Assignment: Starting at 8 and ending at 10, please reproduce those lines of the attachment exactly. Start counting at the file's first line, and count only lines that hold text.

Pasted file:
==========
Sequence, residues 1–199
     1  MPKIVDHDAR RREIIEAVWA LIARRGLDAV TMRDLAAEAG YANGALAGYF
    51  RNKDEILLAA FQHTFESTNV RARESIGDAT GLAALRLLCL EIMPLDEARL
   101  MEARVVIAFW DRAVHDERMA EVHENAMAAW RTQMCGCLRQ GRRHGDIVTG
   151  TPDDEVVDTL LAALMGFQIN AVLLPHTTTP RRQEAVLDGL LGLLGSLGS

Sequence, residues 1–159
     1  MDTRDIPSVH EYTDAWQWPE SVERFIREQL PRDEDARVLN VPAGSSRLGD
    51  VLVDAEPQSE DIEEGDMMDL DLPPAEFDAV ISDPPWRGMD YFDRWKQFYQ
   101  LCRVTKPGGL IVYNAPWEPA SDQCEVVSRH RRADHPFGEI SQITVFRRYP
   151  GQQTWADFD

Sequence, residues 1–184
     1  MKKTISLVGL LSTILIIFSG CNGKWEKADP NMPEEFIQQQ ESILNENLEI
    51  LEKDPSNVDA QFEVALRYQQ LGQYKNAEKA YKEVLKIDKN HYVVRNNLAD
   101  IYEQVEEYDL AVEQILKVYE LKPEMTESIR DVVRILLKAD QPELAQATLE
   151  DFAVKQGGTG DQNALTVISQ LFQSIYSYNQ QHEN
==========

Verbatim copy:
    51  VLVDAEPQSE DIEEGDMMDL DLPPAEFDAV ISDPPWRGMD YFDRWKQFYQ
   101  LCRVTKPGGL IVYNAPWEPA SDQCEVVSRH RRADHPFGEI SQITVFRRYP
   151  GQQTWADFD